Your SlideShare is downloading. ×
Web Scale Discovery Reality Check
Upcoming SlideShare
Loading in...5
×

Thanks for flagging this SlideShare!

Oops! An error has occurred.

×
Saving this for later? Get the SlideShare app to save on your phone or tablet. Read anywhere, anytime – even offline.
Text the download link to your phone
Standard text messaging rates apply

Web Scale Discovery Reality Check

2,387

Published on

Published in: Technology, Education
0 Comments
7 Likes
Statistics
Notes
  • Be the first to comment

No Downloads
Views
Total Views
2,387
On Slideshare
0
From Embeds
0
Number of Embeds
4
Actions
Shares
0
Downloads
51
Comments
0
Likes
7
Embeds 0
No embeds

Report content
Flagged as inappropriate Flag as inappropriate
Flag as inappropriate

Select your reason for flagging this presentation as inappropriate.

Cancel
No notes for slide

Transcript

  • 1. Web-Scale Discovery Reality Check Jeff Wisniewski Frank Cervone Web Services Librarian Vice Chancellor and CIO University of Pittsburgh Purdue University Calumet
  • 2. Original idea…
  • 3. Here’s the problem…• The ILS is no longer integrated• Libraries don’t work with their ILS but around it ▫ Duplicate data entry  Bibliographic  Financial transactions• Digital materials are the majority of the collection ▫ Often managed by separate staff in separate, often inefficient workflowsBurke, Jane. 2012. Sometimes you just have to start over. Serial Solutions Words, January 24, 2012. Online at http://www.serialssolutions.com/en/words/detail/sometimes-you-just-have-to- start-over
  • 4. Important point #1 0% of users start their research on your library’s website, so discovery needs to be diffuse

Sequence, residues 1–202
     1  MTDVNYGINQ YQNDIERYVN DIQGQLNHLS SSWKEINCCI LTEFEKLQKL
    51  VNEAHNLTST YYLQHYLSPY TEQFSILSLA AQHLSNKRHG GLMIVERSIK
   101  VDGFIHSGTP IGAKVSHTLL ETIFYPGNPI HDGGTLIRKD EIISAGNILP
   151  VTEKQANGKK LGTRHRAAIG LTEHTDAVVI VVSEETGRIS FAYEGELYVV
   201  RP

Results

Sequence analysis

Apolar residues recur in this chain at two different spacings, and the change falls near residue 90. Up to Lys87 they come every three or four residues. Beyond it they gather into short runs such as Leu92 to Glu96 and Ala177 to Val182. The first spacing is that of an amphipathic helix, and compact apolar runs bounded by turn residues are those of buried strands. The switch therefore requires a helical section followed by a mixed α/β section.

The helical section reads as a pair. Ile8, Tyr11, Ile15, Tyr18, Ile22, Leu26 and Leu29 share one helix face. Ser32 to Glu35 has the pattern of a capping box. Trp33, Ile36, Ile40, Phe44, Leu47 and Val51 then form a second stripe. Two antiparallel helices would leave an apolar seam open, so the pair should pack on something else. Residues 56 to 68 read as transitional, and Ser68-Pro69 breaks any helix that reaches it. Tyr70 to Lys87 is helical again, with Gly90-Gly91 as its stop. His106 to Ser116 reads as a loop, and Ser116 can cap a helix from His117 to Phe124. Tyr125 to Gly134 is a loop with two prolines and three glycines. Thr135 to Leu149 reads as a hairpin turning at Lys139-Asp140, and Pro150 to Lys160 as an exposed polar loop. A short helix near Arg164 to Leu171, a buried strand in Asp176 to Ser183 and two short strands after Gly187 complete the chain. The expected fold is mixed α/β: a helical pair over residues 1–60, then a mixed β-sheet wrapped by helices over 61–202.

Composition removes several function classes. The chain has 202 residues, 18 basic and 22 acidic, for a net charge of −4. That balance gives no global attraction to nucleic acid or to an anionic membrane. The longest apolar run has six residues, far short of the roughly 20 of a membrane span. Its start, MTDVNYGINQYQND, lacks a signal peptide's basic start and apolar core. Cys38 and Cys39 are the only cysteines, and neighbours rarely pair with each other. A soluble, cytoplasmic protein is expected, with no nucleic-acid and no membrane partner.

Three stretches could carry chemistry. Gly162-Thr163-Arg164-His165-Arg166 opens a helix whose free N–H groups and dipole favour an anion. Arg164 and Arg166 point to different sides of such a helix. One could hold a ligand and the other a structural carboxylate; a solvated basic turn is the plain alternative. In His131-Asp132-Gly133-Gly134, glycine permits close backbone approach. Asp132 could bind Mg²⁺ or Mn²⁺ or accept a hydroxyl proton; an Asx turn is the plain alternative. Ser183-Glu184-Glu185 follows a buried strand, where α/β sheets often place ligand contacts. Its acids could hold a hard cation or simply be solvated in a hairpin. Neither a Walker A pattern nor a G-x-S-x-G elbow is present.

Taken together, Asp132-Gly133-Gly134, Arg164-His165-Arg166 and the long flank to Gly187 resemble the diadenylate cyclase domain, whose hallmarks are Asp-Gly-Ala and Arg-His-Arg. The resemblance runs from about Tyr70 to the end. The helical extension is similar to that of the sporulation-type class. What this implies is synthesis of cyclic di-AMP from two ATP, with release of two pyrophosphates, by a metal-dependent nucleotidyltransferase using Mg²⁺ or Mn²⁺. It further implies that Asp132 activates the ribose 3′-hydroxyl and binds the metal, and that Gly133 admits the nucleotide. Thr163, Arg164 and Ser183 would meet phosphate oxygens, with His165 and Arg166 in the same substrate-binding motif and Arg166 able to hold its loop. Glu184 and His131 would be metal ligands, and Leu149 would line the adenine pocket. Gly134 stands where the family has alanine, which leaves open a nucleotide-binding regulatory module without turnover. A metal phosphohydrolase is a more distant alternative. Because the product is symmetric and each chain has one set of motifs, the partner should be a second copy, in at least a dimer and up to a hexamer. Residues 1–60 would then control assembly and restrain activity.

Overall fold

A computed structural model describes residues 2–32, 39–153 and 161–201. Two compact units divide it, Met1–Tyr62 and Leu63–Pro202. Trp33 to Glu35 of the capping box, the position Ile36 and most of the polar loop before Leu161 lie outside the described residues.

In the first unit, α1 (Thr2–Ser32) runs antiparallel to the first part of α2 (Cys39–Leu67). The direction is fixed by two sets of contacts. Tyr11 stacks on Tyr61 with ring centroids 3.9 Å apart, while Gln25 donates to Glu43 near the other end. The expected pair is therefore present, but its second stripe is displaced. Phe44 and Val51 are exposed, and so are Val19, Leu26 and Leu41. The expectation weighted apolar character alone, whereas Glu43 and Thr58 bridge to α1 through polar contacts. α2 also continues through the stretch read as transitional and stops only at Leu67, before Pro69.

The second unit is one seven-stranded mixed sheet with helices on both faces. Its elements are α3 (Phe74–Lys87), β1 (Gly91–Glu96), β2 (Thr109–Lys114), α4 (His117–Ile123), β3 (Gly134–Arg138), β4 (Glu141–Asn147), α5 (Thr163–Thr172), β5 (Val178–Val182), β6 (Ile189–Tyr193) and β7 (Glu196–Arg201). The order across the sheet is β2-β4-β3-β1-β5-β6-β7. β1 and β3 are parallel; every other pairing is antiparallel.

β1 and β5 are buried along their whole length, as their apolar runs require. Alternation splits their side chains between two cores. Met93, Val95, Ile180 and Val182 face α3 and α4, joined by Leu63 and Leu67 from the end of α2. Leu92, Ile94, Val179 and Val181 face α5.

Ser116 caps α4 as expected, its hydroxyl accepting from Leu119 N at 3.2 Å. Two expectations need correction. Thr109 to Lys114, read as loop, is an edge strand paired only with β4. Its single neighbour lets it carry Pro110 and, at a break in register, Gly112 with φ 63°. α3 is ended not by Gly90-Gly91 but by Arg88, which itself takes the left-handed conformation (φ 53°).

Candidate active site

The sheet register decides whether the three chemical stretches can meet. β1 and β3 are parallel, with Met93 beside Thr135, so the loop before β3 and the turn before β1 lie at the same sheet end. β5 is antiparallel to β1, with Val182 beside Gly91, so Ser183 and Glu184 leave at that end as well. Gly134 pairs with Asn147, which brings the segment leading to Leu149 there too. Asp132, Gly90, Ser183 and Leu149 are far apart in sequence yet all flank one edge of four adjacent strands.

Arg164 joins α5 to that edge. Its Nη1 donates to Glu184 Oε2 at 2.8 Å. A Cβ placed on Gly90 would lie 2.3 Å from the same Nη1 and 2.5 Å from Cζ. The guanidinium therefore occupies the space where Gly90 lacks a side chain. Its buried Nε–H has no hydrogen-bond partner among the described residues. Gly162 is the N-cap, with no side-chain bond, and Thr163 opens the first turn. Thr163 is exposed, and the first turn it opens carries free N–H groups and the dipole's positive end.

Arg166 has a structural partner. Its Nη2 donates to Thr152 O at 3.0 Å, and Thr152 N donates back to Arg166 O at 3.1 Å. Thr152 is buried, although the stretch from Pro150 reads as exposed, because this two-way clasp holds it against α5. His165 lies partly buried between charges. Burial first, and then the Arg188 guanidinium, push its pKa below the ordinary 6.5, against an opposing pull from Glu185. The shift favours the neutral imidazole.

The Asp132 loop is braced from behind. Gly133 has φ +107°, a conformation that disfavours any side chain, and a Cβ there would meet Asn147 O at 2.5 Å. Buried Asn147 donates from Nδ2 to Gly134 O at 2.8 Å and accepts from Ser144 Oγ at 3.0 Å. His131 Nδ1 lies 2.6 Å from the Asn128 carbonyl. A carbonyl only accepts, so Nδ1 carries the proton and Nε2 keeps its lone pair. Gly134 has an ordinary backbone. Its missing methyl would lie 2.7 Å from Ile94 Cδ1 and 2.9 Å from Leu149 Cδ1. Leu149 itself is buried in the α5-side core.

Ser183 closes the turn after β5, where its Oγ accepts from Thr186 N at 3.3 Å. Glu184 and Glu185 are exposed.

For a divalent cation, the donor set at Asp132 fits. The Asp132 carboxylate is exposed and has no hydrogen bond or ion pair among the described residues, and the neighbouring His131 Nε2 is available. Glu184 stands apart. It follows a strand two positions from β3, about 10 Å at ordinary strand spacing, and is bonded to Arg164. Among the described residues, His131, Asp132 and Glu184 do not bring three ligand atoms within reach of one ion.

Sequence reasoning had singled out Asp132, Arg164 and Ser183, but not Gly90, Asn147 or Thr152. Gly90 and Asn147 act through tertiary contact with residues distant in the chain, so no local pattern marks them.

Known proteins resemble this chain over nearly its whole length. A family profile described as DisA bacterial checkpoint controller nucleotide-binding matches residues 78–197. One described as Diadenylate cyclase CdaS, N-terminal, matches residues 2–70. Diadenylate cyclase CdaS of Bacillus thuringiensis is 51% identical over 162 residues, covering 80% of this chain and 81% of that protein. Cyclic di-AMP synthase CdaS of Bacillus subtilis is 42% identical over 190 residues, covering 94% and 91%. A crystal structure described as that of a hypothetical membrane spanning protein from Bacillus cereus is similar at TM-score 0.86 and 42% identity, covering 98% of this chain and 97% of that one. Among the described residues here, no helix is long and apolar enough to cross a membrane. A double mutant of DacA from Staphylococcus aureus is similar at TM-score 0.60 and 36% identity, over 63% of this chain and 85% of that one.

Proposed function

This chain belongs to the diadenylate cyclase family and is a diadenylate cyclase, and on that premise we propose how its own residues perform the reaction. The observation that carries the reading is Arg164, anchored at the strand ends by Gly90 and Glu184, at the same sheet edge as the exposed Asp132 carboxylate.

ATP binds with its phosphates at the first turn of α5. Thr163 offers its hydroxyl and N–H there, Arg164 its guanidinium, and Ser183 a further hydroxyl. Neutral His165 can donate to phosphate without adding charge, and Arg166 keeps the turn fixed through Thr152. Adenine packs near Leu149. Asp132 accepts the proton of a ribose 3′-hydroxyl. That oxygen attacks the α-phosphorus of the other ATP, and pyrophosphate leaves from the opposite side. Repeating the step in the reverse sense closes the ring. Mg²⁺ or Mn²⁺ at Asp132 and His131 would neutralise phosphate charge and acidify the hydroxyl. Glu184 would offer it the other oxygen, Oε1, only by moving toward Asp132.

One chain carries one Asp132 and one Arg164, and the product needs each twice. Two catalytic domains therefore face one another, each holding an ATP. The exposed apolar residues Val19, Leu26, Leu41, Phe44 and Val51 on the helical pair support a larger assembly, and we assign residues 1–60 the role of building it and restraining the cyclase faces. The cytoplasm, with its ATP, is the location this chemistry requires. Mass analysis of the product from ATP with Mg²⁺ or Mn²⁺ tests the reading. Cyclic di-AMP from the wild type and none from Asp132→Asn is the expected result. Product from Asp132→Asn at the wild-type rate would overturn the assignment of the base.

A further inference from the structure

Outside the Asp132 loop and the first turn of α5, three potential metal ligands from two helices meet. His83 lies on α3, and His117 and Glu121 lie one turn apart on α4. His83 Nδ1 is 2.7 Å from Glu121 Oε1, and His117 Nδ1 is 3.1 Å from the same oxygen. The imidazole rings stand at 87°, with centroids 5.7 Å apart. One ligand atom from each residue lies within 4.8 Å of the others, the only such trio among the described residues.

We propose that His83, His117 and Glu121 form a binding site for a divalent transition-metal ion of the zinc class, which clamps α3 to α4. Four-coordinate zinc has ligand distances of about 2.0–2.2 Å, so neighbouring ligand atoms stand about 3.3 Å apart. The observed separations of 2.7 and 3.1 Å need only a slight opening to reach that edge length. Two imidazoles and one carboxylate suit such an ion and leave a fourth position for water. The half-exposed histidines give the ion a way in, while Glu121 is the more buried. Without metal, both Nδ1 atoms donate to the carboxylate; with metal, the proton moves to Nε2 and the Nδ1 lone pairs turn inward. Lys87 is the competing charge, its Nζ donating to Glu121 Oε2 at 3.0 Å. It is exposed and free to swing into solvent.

• 5. Important point #2Fulfillment is just as important as discovery• All of these need to be as seamless and integrated as possible: ▫ Remote access ▫ openURL ▫ ILL ▫ Requesting and other catalog functionality
  • 6. Some bizarre arguments• Users generally do not tag or review in next generation catalogs
  • 7. Common arguments• No need for broad searches• Aggregated indices are opaque• Encourages lazy searching• We can/should/are teaching users to search “properly”• Google Scholar already does this
  • 8. No need for broad searches• Searching through millions of items is not necessary and tends to confuse users  No real evidence to support this claim• There are better more discipline specific tools  This is true, so use them when appropriate  In most cases though, this is not really the issue• As research becomes more complex, most researchers are interested in the long-tail results
  • 9. Aggregated indices are opaque• Is it full text? Metadata?• What about “quality?”• Balancing the needs of certainty vs. sufficiency ▫ Satisficing• Discovery tools are simply easier to use Howard, D., and Wiebrands, C. (2011). Culture Shock: Librarians Response to Web Scale Search. Information Online Conference. Online at http://www.information- online.com.au/sb_clients/iog/data/content_item_files/000001/paper_2011_A1.pdf Connaway, L. S., Dickey, T. S., Radford, M. (2011). If It Is Too Inconvenient, I’m Not Going After It: Convenience as a Critical Factor in Information-seeking Behaviors. OCLC Research. Online at http://www.oclc.org/research/publications/library/2011/connaway-lisr.pdf
  • 10. Discovery is only as good as thecontent included or excluded• Yes, but it’s our job to know that and work to get problems fixed• Our patrons don’t know and (generally) don’t care• Favoritism – a legitimate concern
  • 11. Encourages lazy searching • Quick and dirty searches • Welcome to the real world! • People expect to be able to search easily • Tools tend to increase usage of library resources ▫ SerendipityWay, D. (2010). The Impact of Web-scale Discovery on the Use of a Library Collection. Serials Review, 36(4), pp. 214-220. Online at http://dx.doi.org/10.1016/j.serrev.2010.07.002